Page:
YouTube’s Snapchat sharing feature sounds cool – but is it just a gimmick?

YouTube's latest social feature is letting users share videos to Snapchat as stickers. If you liked a video that a friend or family member might be interested in, you can immediately share it via Snapchat in the form of a sticker slapped onto the snap.

The social feature, available on both iOS and Android smartphones, pulls up the Snapchat app when you select it from the 'Share' menu on a YouTube video. A handy box containing the video's thumbnail and title will appear on your snap. And after you've taken a photo, you can adjust the thumbnail's size, angle and location on the snap. Then, when you've sent your snap to a friend, they can open the YouTube video by simply tapping the link embedded in the thumbnail.

The new sharing process eschews the need to directly copy a link from YouTube for pasting into Snapchat. Instead, one tap of that Share button is all you need to transfer the video to your snap, with all info and the link contained in one convenient snippet.

Analysis: Improvement or gimmick?

Snapchat YouTube sharing

(Image credit: Snapchat)

Within the confines of Snapchat, this new YouTube video-sharing feature sounds great. It requires fewer taps and link management and means Snapchat doesn't have to rely on your clipboard for copied content. Being able to customize the embedded video's placement, size, and angle is nice, too. But are Snapchat users really going to be impressed by this feature, and more importantly, will people use it?

The real issue here lies in whether or not Snapchat is the most convenient social platform with which to share YouTube videos. While this overhaul to sharing YouTube videos via Snapchat is an improvement, it's really just a nifty addition to what is still a cumbersome process.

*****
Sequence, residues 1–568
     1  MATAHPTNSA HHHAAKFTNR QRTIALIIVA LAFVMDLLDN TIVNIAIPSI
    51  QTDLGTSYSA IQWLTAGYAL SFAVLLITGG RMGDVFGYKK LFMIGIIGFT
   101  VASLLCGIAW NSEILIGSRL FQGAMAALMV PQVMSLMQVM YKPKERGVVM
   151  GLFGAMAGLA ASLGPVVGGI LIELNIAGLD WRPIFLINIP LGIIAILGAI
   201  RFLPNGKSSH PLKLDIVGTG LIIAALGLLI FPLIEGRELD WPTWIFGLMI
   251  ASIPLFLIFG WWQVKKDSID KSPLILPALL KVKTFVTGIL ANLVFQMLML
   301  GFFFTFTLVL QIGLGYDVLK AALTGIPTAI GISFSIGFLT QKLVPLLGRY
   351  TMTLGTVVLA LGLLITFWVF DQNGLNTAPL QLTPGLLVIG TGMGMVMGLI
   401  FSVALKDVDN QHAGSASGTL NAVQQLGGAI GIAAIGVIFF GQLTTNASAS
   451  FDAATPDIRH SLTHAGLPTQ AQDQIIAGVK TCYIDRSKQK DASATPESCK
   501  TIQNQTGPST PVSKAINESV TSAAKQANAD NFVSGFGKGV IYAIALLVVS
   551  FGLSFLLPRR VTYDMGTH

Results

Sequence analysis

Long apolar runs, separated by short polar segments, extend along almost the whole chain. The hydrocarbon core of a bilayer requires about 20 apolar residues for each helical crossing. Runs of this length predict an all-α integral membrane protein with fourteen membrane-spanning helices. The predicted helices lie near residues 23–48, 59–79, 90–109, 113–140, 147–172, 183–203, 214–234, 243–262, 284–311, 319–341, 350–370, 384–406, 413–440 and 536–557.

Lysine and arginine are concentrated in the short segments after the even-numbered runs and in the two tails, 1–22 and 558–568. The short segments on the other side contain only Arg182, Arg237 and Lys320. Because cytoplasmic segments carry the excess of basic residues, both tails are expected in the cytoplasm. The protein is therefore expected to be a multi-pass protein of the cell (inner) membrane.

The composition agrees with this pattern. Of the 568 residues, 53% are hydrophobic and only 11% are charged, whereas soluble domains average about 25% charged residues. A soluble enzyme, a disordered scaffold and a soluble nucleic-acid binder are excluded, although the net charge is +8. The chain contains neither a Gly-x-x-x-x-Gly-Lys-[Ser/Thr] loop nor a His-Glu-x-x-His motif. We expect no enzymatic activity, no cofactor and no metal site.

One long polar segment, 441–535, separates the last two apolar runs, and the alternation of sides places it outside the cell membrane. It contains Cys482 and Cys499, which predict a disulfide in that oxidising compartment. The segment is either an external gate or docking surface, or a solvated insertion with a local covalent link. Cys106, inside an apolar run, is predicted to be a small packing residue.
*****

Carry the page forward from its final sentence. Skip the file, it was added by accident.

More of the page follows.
You still have to create a snap to host the YouTube snippet. That in itself could be a decently lengthy process, depending on your own preferences and attention to detail when it comes to taking snaps. In this case, it would be much quicker and easier to simply share a YouTube link through more conventional social platforms, like Whatsapp, Discord, or even Twitter and Facebook depending on the group of contacts you wish to reach.

It's still a win for avid Snapchat users, of course, especially those who use it as their primary social platform. We can even see there being some particularly creative uses of this YouTube video sharing feature. One example that comes to mind would be an online merchant taking a snap of their product and inserting a YouTube snippet that the user can open and learn more about the product.

Therein lies what we feel is the biggest issue with this update. It's harmless, and definitely doesn't detract from the Snapchat experience. However, it's also very situational, will work better for some more than others, and isn't something we see a swathe of Snapchat users flocking to in order to share their favorite YouTube videos with friends. There are quicker ways of doing that, even if those methods aren't quite as fun or creative.

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MusicMatch simplifies cross-platform music sharing for macOS users

There are now so many streaming music services to choose from, it's become difficult to easily share links to songs. Sure, you can use the sharing option in Apple Music to send a friend a link to a track you love, but this is little help if they're not an Apple Music user.

And this is where MusicMatch can help. This free app makes it possible to open a shared music link you receive in whatever happens to be your favorite streaming app. So, someone could send you a link to a track on Spotify, but if you're one of the many people who has decided to move away from this particular streaming service, you can use MusicMatch to open the track in Tidal, Pandora, YouTube Music or several other alternative services.